Greg Monroe is a lottery pick in pretty much every mock draft I’ve seen, he’s high on the board of every scout I’ve talked to. That means he should come out — and he is, he made it official and he is hiring an agent so there is no going back.
Monroe has an NBA body with a 7’2″ wingspan and averaged 16.1 points, 9.6 rebounds, and 1.5 blocks this past season. Plus, he got four assists a game and should have had more — he is a very good passing big man with a high basketball IQ, the kind of guy you could imagine in the Utah Jazz system.
Here’s the question: Is he mentally ready? It’s one that should scare fans of whoever drafts him more than the fact he has no move if you force him to his right hand. As a freshman he was spotty with his effort, and even as a sophomore you could see it in his work on the boards. Good friend of the site Joseph Treutlein from Draftexpress.com said that during his sophomore season he has started to overcome that.
He’s played excellent all-around basketball for the Hoyas, showing a level of assertiveness in all areas of the game so many felt was absent last season. On the offensive end, Monroe frequently calls for the ball in the low and high post, while fighting consistently for position and moving off the ball to get open. With the ball, Monroe can hurt the defense in a variety of ways, but his best skill is undoubtedly his passing ability…
Aside from his problems with his right hand, Monroe’s post game has other problems projecting to the pros, as he’s not an especially explosive player, while having a low release point on the majority of his shots out of the post… On the bright side, Monroe has become a much tougher player in the painted area this season, getting to the line at a high rate and not shying away from contact much, but he doesn’t finish through contact especially well, and it’s questionable how often bigs will need to foul him in the pros, given his other limitations.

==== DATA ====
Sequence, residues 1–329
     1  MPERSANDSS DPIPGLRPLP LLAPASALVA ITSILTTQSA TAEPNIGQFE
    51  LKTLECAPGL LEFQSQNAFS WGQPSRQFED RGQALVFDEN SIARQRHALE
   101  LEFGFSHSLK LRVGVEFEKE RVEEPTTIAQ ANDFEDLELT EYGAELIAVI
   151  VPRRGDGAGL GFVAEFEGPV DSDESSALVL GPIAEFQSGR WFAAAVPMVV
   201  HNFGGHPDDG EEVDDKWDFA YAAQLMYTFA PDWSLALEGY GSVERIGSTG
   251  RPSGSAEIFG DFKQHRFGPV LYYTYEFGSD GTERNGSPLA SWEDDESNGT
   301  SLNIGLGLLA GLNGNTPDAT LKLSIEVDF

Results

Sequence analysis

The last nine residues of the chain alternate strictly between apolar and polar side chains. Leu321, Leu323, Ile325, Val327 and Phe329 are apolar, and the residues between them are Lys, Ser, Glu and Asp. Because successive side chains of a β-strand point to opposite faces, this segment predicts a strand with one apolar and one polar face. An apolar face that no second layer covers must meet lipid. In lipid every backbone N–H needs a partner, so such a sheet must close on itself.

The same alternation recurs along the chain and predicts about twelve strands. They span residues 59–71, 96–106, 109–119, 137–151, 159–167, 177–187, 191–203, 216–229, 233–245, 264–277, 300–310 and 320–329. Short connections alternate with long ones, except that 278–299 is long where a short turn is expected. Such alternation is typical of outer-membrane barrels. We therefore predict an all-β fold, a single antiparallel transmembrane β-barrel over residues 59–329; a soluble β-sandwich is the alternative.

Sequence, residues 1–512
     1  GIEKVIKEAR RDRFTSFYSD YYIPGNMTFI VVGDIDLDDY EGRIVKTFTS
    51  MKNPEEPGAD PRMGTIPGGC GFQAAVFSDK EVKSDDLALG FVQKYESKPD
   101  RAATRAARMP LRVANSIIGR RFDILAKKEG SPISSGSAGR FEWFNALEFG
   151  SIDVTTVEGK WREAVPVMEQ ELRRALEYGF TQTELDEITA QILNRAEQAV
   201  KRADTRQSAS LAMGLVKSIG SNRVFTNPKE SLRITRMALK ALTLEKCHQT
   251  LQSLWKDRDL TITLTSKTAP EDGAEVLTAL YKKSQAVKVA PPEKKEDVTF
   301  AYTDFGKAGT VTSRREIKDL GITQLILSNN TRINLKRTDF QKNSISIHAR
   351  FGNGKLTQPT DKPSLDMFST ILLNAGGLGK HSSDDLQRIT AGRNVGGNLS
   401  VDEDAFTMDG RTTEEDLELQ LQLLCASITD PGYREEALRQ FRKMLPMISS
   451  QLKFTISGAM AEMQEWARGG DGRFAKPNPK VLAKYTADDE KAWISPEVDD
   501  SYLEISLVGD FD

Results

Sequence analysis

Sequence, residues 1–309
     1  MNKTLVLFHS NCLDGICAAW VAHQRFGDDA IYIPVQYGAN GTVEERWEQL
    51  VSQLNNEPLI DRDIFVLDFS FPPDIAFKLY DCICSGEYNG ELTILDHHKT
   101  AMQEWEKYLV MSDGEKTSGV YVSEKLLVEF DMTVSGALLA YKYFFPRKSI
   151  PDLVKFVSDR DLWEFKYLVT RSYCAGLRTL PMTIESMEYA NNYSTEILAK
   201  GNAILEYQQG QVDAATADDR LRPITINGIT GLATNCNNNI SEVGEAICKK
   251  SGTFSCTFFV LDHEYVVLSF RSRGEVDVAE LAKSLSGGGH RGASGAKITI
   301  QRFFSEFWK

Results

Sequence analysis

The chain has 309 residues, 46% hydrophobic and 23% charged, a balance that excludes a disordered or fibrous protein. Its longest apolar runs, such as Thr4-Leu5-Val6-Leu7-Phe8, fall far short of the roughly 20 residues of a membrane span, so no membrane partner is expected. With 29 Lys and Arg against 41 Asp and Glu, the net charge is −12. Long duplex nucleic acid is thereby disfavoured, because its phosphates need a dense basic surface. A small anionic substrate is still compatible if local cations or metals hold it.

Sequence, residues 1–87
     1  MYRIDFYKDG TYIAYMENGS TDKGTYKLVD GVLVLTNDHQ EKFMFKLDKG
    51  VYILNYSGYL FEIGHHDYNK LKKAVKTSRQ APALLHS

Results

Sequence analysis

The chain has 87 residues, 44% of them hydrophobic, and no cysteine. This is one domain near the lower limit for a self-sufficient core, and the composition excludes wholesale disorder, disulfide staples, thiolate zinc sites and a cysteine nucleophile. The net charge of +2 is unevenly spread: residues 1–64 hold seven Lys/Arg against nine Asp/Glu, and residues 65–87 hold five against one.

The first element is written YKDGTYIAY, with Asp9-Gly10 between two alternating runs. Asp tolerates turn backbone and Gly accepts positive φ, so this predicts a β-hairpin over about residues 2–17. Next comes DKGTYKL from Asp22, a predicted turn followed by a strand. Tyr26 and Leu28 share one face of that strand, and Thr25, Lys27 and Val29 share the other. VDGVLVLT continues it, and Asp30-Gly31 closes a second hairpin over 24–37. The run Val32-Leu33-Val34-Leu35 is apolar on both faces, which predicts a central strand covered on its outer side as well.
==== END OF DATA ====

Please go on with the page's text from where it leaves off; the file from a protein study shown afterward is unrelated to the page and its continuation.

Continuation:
Sounds like a guy who can give you backup minutes at the center spot right away, and if he works on it could evolve into a solid starting center in the league. You can’t teach tall and long.
Apparently, all it takes is a little public discussion of LeBron James‘ “broken” jump shot to get him back on balance and knocking down the three ball — he was 4-of-6 from deep Wednesday.
Then again J.R. Smith was 7-of-13, Kyrie Irving 4-of-5, and as a team the Cavaliers knocked down a record 25 threes — while shooting 55.6 percent — as they wiped the floor with the Hawks in Game 2.
In case you’re curious where the Cavs were hitting from, here’s the team’s shot chart.
The Houston Rockets aren’t in any rush to hire a new head coach, preferring to interview a wide range of candidates to find the right one. Jeff Van Gundy has been widely believed to be at the top of their list, now that Tom Thibodeau and Scott Brooks are off the market, but ESPN.com’s Marc Stein is reporting another name that has entered the mix: Mike D’Antoni, who last held a head coaching job from 2012 to 2014 with the Lakers and currently serves as the Sixers’ lead assistant.
The Pacers, meanwhile, haven’t made a final decision on Frank Vogel’s future with the team, but all signs seem to point to him getting let go in the next few days. And if that happens, Stein reports that Vogel will also be on Houston’s list of candidates.
Given the Rockets’ massive drop-off on the defensive end this season, Vogel would seem to be a better fit than D’Antoni. But it sounds like the Rockets aren’t close to finding a replacement for J.B. Bickerstaff, although it would make sense to have a new coach in place by next month’s draft.
On Monday, the Hawks played the Cavaliers close and even led in the fourth quarter, leading plenty of optimism that Game 2 would be equally competitive, that the Hawks had something to build on.
The Cavs dominated from the start on Wednesday, with a 123-98 final score that was far closer than the game actually was — the Cavs led 74-36 at the half and led by as much as 38 at one point in the second half.
The Cavs also hit 25 three-pointers, which is the all-time record for a single game — regular season or playoffs. J.R. Smith hit seven of them, along with four each from LeBron James and Kyrie Irving and three for Kevin Love.
18 of Cleveland’s threes came in the first half, also a playoff record, and this was all Atlanta could do:
That’s the kind of night it was for the Hawks, who now trail 2-0 in the series as it heads back to Atlanta.
LeBron James has always been an incredible passer. In the midst of the Cavs’ Game 2 beatdown of the Hawks, he zipped this one-handed beauty into the paint to Kyrie Irving, who kicked it out to Kevin Love for a corner three:
The three was just one of the 18 Cleveland hit in the first half, which set an NBA playoff record.